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1. Introduction

Purpose Of This Tutorial

This tutorial is written to help people understand some of the basics of shell script programming (aka shell scripting), and hopefully to introduce some of the possibilities of simple but powerful programming available under the Bourne shell. As such, it has been written as a basis for one-on-one or group tutorials and exercises, and as a reference for subsequent use.

Getting The Most Recent Version Of This Tutorial

You are reading Version 2.0d, last updated 20th December 2016.
The most recent version of this tutorial is always available at: Always check there for the latest copy. (If you are reading this at some different address, it is probably a copy of the real site, and therefore may be out of date).

You can also buy this tutorial in eBook or Paperback formats from (When you buy the Paperback, you can also claim the eBook FOR FREE under the Amazon 'MatchBook' offer.)

A Brief History of sh

Steve Bourne wrote the Bourne shell which appeared in the Seventh Edition Bell Labs Research version of Unix.
Many other shells have been written; this particular tutorial concentrates on the Bourne and the Bourne Again shells.
Other shells include the Korn Shell (ksh), the C Shell (csh), and variations such as tcsh.
This tutorial does not cover those shells.


This tutorial assumes some prior experience; namely:

  • Use of an interactive Unix/Linux shell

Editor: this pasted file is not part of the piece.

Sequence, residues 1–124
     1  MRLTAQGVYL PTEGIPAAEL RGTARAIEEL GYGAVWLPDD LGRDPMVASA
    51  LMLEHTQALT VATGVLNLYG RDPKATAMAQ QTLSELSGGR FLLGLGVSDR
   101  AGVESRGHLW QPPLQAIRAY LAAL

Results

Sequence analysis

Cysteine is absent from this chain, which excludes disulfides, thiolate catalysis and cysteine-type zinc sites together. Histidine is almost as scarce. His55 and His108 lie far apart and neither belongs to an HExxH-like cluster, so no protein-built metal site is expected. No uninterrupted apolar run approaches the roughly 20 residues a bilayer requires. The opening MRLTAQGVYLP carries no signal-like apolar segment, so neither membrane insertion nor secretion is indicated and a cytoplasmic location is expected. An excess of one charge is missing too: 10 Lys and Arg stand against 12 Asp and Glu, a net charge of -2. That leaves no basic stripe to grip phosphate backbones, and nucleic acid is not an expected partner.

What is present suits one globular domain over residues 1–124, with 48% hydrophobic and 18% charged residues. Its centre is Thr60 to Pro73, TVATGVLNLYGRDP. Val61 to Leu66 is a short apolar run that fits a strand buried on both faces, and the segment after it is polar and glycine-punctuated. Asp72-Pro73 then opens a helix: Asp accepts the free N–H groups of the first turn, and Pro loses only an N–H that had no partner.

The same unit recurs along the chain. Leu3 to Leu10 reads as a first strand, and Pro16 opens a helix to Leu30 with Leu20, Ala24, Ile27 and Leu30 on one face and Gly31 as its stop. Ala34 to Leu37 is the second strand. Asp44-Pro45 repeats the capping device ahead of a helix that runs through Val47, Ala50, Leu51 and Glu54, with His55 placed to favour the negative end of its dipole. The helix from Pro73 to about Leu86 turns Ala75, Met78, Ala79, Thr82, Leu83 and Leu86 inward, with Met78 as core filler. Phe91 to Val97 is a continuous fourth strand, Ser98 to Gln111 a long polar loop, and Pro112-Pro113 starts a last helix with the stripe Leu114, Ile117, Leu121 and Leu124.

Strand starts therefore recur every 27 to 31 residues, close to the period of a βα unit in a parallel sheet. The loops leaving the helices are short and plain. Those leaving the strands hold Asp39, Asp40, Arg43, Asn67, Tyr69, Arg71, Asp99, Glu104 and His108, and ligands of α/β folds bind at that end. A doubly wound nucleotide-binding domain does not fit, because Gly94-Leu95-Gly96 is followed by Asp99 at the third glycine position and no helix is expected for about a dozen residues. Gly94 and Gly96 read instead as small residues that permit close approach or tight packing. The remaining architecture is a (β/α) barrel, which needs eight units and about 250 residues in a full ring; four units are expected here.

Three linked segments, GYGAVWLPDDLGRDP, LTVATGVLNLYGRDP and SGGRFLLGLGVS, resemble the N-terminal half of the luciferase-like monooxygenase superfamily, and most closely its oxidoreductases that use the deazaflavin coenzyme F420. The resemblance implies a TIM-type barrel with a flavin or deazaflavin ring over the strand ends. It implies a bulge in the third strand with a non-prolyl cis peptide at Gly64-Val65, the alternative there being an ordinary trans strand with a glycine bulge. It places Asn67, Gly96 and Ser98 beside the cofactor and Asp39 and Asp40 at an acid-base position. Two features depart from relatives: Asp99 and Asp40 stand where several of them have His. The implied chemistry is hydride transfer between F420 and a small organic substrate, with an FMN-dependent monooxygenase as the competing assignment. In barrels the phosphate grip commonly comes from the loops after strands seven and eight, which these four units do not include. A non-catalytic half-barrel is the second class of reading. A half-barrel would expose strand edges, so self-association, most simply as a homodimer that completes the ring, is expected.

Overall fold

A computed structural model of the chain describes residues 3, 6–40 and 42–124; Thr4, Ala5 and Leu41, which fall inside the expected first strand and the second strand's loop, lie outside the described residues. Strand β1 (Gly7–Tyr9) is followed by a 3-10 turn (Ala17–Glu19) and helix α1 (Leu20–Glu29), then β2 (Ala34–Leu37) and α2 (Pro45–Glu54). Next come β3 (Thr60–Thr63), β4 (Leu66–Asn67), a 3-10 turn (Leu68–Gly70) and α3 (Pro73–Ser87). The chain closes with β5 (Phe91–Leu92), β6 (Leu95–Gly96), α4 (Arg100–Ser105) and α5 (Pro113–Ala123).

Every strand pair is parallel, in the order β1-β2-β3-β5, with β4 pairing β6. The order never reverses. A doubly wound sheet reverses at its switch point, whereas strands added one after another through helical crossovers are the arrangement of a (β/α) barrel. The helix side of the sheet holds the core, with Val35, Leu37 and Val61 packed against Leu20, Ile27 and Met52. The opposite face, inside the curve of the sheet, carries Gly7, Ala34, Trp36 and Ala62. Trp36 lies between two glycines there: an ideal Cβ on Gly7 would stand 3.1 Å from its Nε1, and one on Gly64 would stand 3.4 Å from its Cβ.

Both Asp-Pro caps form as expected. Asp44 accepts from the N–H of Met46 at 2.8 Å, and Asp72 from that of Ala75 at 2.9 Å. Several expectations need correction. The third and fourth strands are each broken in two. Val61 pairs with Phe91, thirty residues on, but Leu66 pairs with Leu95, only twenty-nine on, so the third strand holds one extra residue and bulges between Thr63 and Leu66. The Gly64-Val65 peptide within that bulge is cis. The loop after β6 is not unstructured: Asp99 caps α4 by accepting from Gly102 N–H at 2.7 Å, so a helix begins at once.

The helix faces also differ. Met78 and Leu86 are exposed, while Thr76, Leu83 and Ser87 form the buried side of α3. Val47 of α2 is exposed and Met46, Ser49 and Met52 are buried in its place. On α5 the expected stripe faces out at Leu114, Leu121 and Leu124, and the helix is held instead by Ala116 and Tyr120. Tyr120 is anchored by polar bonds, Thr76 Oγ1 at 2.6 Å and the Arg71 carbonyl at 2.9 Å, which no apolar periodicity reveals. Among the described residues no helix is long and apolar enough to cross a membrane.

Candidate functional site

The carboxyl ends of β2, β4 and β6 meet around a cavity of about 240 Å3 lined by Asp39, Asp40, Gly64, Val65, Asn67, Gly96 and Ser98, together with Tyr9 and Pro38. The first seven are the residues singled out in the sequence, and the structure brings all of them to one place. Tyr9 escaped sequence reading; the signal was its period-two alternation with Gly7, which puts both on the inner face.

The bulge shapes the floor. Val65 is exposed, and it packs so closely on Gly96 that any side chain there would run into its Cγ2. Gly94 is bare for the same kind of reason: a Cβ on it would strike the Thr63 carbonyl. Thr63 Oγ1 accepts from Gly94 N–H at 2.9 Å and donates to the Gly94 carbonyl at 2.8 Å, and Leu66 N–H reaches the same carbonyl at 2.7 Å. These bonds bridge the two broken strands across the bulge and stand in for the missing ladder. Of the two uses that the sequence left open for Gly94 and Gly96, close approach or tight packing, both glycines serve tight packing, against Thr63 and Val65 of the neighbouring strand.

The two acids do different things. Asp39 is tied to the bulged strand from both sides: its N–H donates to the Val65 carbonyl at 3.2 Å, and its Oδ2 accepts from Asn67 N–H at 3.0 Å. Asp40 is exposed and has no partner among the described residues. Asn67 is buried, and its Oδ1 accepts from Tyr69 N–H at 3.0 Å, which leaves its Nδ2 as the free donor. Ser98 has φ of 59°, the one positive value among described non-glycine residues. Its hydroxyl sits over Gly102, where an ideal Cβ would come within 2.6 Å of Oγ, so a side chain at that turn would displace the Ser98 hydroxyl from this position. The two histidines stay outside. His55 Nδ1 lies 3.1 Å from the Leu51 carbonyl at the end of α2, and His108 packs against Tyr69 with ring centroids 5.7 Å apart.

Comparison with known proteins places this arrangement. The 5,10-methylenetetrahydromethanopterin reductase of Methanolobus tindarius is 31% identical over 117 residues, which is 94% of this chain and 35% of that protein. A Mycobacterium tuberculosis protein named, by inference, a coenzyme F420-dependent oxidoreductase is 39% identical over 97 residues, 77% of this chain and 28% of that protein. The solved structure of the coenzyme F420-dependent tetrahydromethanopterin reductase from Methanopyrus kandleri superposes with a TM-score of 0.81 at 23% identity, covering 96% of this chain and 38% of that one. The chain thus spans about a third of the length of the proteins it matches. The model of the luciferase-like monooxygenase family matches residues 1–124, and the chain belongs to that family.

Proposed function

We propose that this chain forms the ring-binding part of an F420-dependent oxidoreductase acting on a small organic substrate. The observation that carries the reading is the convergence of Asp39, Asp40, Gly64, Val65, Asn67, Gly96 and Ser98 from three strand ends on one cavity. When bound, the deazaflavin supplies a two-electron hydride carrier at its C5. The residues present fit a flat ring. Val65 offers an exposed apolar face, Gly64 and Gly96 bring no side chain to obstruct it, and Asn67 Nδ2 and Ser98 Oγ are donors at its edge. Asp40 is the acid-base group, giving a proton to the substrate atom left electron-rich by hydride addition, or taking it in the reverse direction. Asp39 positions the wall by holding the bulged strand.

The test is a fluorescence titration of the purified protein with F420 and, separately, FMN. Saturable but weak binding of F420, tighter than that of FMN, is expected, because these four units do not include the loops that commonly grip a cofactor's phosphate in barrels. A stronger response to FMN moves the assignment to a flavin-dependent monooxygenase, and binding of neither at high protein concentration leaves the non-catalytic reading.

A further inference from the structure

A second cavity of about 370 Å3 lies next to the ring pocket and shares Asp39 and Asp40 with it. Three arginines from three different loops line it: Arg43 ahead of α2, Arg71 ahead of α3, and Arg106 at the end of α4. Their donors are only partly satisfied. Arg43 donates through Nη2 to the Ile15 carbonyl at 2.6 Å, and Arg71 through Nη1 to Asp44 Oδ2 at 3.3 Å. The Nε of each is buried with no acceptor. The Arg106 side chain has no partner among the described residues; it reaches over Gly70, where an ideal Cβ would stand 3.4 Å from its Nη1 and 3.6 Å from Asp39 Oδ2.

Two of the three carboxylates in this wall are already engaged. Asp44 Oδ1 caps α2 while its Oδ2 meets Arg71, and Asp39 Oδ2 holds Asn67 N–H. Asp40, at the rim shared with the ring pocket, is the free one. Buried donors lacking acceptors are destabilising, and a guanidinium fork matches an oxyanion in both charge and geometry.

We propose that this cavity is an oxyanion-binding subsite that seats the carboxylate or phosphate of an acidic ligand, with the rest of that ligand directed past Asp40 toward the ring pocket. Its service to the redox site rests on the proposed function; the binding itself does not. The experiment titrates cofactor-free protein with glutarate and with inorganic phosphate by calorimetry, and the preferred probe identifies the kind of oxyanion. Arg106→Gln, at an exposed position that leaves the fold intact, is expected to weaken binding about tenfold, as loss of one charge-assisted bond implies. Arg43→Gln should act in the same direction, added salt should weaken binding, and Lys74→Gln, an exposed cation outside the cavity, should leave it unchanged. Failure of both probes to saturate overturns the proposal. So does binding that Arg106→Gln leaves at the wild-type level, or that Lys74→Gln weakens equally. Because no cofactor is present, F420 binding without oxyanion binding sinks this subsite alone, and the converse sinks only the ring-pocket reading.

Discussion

• Minimal programming knowledge - use of variables, functions, is useful background knowledge
  • Understanding of some Unix/Linux commands, and competence in using some of the more common ones. (ls, cp, echo, etc)
  • Programmers of ruby, perl, python, C, Pascal, or any programming language (even BASIC) who can maybe read shell scripts, but don't feel they understand exactly how they work.

You may want to review some of the feedback that this tutorial has received to see how useful you might find it.

Typographical Conventions Used in This Tutorial

Significant words will be written in italics when mentioned for the first time.

Code segments and script output will be displayed as monospaced text.
Command-line entries will be preceded by the Dollar sign ($). If your prompt is different, enter the command:

PS1="$ " ; export PS1

Then your interactions should match the examples given (such as ./ below).
Script output (such as "Hello World" below) is displayed at the start of the line.

$ echo '#!/bin/sh' >
$ echo 'echo Hello World' >>
$ chmod 755
$ ./
Hello World
Entire scripts will be surrounded by gray lines, and include a reference to the plain text of the script, where available:
# This is a comment!
echo Hello World	# This is a comment, too!

Note that to make a file executable, you must set the eXecutable bit, and for a shell script, the Readable bit must also be set:
$ chmod a+rx

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